Black bears, estimated to number well over half a million in north America, range over a vast area, from the Arctic treeline to south of Florida and northern Mexico. Of the eight species in the continent, the American Black bear (Ursus Americanus) is the most abundant species. In the US, this black bear can be found in 40 odd states, population depending on the amount of green cover available and urbanization. Alaska alone has around 200,000 black bear population. Wisconsin, California, Washington, Oregon, Maine, Minnesota and Idaho are other states with considerably large population of the animal.
Black bears require good amount of forest cover due to their shy and solitary nature, so they mainly live in heavily covered areas. However, they are able to adapt well to diverse habitats such as mountains, swampy areas, hardwood forest, softwood forest, mixed forest, logged areas, and cornfields. They may grow to a height of 1.5 meters and can weigh upto a 100 kilos
American black bears are omnivorous, they eat a variety of plants and meat. Their food generally includes roots, berries, meat, fish, insects, larvae, grass and other succulent plants. They are able to kill adult deer, elk, moose and other hoofed animals when these are very young. They may kill livestock especially sheep. Bears are even attracted to human garbage, livestock food, or other human associated foods including fruit trees. Bears getting used to human consumption foods can quickly become habituated to them, resulting in their being killed as nuisances. This is true for bee hives too as bears are very attracted to honey.
Black bears have low reproductive rates compared to many other mammals. Females usually breed only every two to three years after attaining sexual maturity at roughly four years of age. In areas of abundant food, they may attain maturity sooner than in other areas. Where food is scarce, females might not bear their first cub until they are six or seven years old. With very rare exceptions, in most populations males don’t mature sexually until age five or six. Black bears can live upto 25 to 30 years of age, but their life-span in the wild is usually much shorter than when in captivity.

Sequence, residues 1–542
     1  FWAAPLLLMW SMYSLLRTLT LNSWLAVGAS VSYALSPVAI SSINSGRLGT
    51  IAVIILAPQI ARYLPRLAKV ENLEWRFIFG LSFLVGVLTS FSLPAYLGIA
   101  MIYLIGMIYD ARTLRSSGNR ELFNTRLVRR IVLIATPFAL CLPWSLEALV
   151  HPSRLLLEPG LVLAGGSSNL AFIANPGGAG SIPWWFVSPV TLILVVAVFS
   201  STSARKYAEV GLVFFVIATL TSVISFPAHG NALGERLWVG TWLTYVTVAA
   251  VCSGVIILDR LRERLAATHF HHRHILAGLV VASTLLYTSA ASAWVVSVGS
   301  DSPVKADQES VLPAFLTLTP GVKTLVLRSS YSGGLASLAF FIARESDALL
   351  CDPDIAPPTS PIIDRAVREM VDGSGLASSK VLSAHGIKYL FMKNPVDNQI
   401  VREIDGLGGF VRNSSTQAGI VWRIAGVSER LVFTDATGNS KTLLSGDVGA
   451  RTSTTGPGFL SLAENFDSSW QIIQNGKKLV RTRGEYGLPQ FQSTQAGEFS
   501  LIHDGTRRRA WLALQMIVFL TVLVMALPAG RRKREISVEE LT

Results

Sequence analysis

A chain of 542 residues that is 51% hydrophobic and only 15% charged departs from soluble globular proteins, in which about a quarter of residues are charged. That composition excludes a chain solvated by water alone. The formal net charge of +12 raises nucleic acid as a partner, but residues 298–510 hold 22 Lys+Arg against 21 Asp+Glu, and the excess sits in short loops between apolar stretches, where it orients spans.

Black bears in northern states, with approaching winter, eat lots of food in order to store fat for the winter when food is harder to find. During the winter, their temperature drops and they gradually become less active and hibernate, helping them to conserve energy until food is in plenty again. While the ones in warmer climes remain active throughout the year, moving small distances to suit their feeding requirements. Females in cooler areas give birth during their long winter siesta, waking up occasionally to nurse.
Black bears of north America communicate using a strong sense of smell, facial and body expressions, sounds and by touch. Males mark their territorial boundaries by scent-marking trees, biting, scraping and stripping off bark from trees such as pine, fir, and spruce. The larger the bear, the higher the marks; warning other males of their supremacy. Often used as scratching posts, same tree may be revisited for years. Scientists observe that tree marking may also be part of their mating ritual.
Apart from the Americas, around half dozen of black bear varieties are are found in Asia too. Their numbers vary with forest cover pattern in southern and eastern Asia. In central and southern India, the sloth bear (Melursus ursinus), in southern Thailand and into Malaysia, the sun bear (Helarctos malayanus) and north and west of the Russian Far East, the brown bear (Ursus arctos), are some of the variants of black bear species here.